HIV / AIDS is meanwhile widespread in Cambodia. Transfer is possible by sexual contacts, blood transfusions, tatoos and used syringes.

More potential diseases are bird flu, tuberculosis (many more cases here than in western countries) and bilharzia (schistosomiasis, as a result of swimming in freshwater lakes or rivers).

The health situation in Ratanakiri is the worst in whole Cambodia. All the mentioned diseases and more are endemic in Ratanakiri, and the province has the highest rate of child and general mortality in the country. Around 23% of the children there die before getting five years old. The diseases come together with a lack of fresh water supplies and malnutrition, great poverty, poor infrastructure of all kind particularly medical care, cultural and social barriers between the local hill tribe people of the Khmer Loeu and the majority Khmer People and deprivation due to land grabbing, destruction of the natural environments and violent displacements.

The situation in the neighbouring Mondulkiri Province looks similar.

Know…

This is only a part of the illustrated article ‘Cambodia’. Read the whole article on Cambodia by Asienreisender.

Keep yourself up-to-date

Check the list of recently published articles on a great variety of Southeast Asian themes. All of them are richly illustrated: Asienreisender

Food in Cambodia

Posted in Countries, Latest of Asienreisender with tags , , , , , , on July 21, 2013 by Thim Kwai

In food quality and variety Cambodia can not cope with it’s western neighbour Thailand, which cuisine is clearly among the most delicious and versatile in the world. The common restaurants and food stalls, particularly the ones on the Cambodian markets, look mostly very poor, basic, neglected and pretty dirty. The restaurants are normally populated with masses of flies who are attracted by the lack of cleanliness, particularly by the food remains who are splashed around.

It’s always pretty difficult for me to find a restaurant where it looks half way well, at least outside of the tourist sector. The touristic restaurants give a better impression on the first glance – if the food is really better and the kitchens cleaner is another question. Only one thing is sure: the prices there double, triple or quadruple up.

It has to be considered that the quality of the food in general varies much. There is good food available, say rice and vegetables and various dishes made from it. Many dishes are too fat respectively oily, though. A great deal of the available food is fried in cheap oils with a high amount of cholesterol. The meat is not seldom very old and of doubious sources. Particularly what is sold as pork can be whatever – worm, snake, rat, dog, cat… – difficult to identify. Since many locals eat anything, they don’t mind. It’s actually a good reason to become a vegetarian. Another good reason for that would be just to watch carefully how the animals here are treated.

Generally is the Cambodian cuisine based on fish as a protein source. Chicken is relatively seldom to get and it is pretty expensive (I found it five times as expensive as in Thailand, and the quality therefore lower). Pork and beef in the market stalls are laid out openly, roughly displayed on wooden banks or desks, waiting there over hours or whole days for a buyer. In the meantime the notorious masses of flies besiege it, and bypassing dogs or cats might put their snouts on it before being dispelled by the saleswoman.

Since there is more food available in Cambodia than in the poor times just a few years ago, many locals tend to eat too much. Presumably it’s also still a status symbol to get fat. Anyway, overweight is widespread here meanwhile, what wasn’t so in recent years. Too much fat, oil, sugar, salt make an unhealthy food habit; highly processed industrial food is also known for it’s addictive contents.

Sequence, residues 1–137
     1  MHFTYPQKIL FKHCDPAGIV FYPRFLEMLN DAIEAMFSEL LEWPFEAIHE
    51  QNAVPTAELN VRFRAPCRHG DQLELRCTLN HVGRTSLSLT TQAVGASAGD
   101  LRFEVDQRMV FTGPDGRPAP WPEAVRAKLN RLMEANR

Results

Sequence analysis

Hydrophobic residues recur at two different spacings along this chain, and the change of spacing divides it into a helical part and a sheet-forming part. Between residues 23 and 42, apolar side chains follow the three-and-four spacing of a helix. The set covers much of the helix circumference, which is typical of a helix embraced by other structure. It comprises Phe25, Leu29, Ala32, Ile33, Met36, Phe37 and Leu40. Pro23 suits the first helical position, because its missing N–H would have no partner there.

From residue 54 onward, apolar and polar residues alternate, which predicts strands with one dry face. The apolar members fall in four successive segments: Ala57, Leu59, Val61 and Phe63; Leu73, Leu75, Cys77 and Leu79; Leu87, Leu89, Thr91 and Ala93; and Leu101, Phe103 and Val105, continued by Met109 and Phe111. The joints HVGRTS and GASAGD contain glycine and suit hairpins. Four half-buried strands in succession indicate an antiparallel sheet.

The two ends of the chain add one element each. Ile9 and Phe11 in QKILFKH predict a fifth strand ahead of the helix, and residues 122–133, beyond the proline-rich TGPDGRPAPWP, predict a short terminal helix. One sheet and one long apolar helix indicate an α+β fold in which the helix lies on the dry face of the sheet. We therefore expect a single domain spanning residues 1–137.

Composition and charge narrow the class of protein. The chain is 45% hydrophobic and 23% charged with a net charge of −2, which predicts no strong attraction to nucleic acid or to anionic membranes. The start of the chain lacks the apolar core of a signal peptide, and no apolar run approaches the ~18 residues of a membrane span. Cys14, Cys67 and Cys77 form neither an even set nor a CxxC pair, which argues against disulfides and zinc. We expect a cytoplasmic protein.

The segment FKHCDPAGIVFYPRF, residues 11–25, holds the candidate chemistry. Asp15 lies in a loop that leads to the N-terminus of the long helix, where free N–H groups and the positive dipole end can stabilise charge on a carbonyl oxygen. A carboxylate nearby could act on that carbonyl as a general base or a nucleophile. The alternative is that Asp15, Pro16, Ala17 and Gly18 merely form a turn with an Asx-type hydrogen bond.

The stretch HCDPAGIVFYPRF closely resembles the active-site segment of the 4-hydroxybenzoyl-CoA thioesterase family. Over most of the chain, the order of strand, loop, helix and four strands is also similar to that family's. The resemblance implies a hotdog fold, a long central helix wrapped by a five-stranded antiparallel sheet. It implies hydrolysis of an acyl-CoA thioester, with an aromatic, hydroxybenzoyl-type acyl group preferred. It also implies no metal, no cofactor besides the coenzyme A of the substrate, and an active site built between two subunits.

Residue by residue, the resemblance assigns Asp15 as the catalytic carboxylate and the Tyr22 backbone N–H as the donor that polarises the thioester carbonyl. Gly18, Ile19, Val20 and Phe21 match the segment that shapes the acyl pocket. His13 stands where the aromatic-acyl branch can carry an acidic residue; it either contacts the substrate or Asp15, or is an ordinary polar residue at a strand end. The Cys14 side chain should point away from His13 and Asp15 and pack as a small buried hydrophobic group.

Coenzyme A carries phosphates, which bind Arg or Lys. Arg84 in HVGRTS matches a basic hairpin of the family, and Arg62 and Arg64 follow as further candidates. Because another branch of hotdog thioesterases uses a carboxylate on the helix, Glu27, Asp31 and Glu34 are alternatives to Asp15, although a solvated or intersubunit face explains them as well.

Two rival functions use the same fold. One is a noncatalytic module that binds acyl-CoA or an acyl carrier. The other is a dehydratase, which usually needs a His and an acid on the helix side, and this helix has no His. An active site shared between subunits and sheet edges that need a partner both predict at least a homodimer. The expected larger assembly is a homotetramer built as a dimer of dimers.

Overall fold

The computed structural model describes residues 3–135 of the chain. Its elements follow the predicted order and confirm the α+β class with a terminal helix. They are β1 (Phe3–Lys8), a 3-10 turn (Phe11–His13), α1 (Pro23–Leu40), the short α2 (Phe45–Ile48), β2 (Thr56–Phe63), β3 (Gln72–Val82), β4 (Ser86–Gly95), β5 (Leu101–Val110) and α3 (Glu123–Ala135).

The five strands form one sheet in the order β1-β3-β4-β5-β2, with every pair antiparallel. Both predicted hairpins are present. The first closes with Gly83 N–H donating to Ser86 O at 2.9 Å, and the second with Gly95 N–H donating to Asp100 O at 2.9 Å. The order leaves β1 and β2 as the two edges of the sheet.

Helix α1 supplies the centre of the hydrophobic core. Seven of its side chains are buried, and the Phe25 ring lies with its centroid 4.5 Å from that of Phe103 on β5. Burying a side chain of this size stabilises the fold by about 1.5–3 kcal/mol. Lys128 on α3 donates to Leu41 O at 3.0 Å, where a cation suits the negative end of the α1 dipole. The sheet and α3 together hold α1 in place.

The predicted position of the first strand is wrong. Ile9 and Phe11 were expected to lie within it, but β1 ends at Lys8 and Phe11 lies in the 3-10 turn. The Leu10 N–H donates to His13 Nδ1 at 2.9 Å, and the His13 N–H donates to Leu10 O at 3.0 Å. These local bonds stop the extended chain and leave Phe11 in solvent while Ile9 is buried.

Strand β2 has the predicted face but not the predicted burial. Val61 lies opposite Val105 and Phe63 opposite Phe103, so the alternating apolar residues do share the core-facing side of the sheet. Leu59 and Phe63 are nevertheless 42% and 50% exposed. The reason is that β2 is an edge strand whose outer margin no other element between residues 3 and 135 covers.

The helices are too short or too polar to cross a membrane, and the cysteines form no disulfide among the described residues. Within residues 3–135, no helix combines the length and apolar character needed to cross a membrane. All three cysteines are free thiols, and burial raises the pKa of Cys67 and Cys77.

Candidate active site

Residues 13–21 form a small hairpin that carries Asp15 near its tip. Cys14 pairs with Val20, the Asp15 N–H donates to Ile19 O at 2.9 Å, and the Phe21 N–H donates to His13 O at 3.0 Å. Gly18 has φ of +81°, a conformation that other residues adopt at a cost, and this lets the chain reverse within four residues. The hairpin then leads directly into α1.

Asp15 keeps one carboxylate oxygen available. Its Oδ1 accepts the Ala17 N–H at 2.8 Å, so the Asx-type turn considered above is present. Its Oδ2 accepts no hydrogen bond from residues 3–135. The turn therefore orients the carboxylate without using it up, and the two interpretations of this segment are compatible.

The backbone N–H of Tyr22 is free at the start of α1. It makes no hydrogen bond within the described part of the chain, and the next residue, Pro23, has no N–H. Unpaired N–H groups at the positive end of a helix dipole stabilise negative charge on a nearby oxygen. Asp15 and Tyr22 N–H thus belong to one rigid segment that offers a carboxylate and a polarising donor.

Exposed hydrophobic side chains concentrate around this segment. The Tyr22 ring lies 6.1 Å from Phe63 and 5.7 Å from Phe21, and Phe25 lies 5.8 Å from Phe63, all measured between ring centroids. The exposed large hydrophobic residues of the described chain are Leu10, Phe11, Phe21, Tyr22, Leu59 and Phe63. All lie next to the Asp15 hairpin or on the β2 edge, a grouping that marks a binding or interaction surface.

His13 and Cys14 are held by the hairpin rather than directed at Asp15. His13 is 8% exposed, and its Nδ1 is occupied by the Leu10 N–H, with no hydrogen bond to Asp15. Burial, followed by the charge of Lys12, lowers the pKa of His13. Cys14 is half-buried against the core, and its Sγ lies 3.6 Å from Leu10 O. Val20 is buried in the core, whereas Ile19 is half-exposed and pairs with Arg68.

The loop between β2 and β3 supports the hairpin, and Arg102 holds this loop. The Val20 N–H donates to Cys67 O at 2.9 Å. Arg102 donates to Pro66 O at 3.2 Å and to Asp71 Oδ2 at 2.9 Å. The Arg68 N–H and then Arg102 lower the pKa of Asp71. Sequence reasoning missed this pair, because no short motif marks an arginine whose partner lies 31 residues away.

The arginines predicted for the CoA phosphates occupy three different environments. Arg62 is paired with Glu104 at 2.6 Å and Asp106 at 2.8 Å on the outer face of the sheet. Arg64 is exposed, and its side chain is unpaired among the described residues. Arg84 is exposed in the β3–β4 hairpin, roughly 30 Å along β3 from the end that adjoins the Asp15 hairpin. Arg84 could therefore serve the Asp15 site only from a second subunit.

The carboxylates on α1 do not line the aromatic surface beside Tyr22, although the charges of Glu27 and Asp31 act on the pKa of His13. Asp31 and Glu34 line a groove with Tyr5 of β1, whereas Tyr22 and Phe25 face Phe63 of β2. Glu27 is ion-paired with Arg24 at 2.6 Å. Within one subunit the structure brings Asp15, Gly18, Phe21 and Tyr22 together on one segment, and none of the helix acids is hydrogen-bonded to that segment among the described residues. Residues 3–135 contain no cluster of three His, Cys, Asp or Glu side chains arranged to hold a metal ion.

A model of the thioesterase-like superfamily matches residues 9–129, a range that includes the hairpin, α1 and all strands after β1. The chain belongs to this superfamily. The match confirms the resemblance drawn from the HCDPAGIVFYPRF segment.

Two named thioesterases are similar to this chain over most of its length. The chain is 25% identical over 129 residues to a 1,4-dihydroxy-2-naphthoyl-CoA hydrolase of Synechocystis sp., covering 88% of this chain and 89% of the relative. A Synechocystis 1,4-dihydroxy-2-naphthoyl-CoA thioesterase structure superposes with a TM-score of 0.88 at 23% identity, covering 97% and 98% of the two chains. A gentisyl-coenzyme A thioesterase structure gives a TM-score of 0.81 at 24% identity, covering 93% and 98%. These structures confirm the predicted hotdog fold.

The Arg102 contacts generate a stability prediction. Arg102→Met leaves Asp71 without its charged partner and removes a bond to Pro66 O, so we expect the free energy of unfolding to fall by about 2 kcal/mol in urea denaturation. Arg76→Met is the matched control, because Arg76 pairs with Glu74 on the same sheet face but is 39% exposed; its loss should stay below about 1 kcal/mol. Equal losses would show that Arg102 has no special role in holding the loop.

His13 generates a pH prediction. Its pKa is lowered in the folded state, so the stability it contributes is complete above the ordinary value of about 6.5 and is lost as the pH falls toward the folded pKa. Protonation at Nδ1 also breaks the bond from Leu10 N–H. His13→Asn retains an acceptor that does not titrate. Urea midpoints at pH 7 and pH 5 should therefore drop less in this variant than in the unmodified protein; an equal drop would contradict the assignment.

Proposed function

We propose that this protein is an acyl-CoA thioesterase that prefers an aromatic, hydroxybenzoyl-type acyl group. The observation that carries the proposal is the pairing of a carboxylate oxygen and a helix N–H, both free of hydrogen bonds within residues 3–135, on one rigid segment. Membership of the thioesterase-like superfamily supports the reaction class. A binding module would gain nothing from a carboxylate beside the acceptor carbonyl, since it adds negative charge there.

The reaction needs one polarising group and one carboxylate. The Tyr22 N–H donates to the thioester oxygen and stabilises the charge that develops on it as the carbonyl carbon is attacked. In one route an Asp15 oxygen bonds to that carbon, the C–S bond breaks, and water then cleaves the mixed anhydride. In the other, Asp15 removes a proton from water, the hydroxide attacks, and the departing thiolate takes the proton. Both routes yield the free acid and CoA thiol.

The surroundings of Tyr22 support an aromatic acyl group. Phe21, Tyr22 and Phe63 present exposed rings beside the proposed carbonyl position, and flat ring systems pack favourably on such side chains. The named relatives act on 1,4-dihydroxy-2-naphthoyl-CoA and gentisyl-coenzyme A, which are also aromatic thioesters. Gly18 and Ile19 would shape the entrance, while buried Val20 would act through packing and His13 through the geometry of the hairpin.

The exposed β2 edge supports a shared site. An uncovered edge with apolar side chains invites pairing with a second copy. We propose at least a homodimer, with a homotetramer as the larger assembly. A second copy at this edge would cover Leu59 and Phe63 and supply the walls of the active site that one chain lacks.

Know…

This is only a part of the illustrated article ‘Cambodia’. Read the whole article on Cambodia by Asienreisender.

Keep yourself up-to-date

Check the list of recently published articles on a great variety of Southeast Asian themes. All of them are richly illustrated: Asienreisender

Criminality & Safety in Cambodia

Posted in Countries, Latest of Asienreisender with tags , , , , , , , on July 20, 2013 by Thim Kwai

Cambodia is a country with widely empovered masses of people. Anomie is everywhere and the country has a long tradition of authoritarianism and brutalization. The crime rate is therefore high and one should be aware here of the main risks, including that of traffic or other accidents.

Most of the criminal issues are petty criminality like ‘snatch and grab’ robberies, mostly committed by bypassing motorbikes to other road users or to people who put valuables on tables in restaurants and so on. But also burglaring and armed robberies occur and sometimes murders. Many people have guns and other weapons and it doesn’t matter if it is a Cambodian or a foreigner, a life means little in Cambodia. On the other hand is the homicide rate in Cambodia with 3.4 murders per year per 100,000 people clearly lower than in neighbouring Thailand or the USA (both at 4.8 / year / 100,000 people).

It’s remarkable how careful the local people are locking their houses and flats. All the windows are usually equipped with an iron grid, and hotel and guesthouse staff warns guests frequently of people who might try to grab valuables with their hands or sticks through an open window with a grid when such belongings are in range. Also upper floors are mostly protected with barbed wires etc. to protect rooms, balconies, upper terraces etc. from climbing thieves.

Many rural parts of Cambodia are not under control of the police. Walking around after sunset is much more dangerous than in daytime. The waterfront of Sihanoukville is known as a particularly dangerous stretch – tourists happened to be robbed or even murdered there, already. Sihanoukville is counted anyway as one of the most dangerous places in Southeast Asia, and a number of westerners were murdered there in the last years. Some of them might have been involved in obscure businesses, but others defenitely not. Banditry even on more frequented overland roads can happen after sunset.